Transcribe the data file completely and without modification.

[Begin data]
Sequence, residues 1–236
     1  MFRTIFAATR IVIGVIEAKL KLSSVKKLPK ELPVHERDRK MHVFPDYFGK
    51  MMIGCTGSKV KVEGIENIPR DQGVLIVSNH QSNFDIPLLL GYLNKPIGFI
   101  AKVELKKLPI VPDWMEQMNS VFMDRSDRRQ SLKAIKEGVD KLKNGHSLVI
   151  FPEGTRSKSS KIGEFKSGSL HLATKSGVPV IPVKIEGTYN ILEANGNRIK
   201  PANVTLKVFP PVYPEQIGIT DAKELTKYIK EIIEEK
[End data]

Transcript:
Sequence, residues 1–236
     1  MFRTIFAATR IVIGVIEAKL KLSSVKKLPK ELPVHERDRK MHVFPDYFGK
    51  MMIGCTGSKV KVEGIENIPR DQGVLIVSNH QSNFDIPLLL GYLNKPIGFI
   101  AKVELKKLPI VPDWMEQMNS VFMDRSDRRQ SLKAIKEGVD KLKNGHSLVI
   151  FPEGTRSKSS KIGEFKSGSL HLATKSGVPV IPVKIEGTYN ILEANGNRIK
   201  PANVTLKVFP PVYPEQIGIT DAKELTKYIK EIIEEK